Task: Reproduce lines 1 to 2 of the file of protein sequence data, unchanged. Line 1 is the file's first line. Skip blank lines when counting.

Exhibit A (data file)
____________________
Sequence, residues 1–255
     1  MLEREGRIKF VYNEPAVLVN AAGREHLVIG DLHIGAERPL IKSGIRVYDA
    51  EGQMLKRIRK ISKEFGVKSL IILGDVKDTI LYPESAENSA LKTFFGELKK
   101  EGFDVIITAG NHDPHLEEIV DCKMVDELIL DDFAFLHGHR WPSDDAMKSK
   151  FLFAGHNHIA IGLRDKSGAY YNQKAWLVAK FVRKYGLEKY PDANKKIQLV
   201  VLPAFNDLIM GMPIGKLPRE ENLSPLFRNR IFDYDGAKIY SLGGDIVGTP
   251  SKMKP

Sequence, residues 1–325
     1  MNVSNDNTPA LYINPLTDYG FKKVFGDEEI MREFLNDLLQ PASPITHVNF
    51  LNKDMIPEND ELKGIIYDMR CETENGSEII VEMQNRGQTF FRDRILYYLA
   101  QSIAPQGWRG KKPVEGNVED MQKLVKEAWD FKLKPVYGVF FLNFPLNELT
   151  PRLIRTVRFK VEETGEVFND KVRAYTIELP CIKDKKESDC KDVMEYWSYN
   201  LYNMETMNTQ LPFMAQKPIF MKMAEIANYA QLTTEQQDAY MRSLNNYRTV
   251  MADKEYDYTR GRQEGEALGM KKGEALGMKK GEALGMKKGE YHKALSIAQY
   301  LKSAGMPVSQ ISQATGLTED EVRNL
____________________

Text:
Sequence, residues 1–255
     1  MLEREGRIKF VYNEPAVLVN AAGREHLVIG DLHIGAERPL IKSGIRVYDA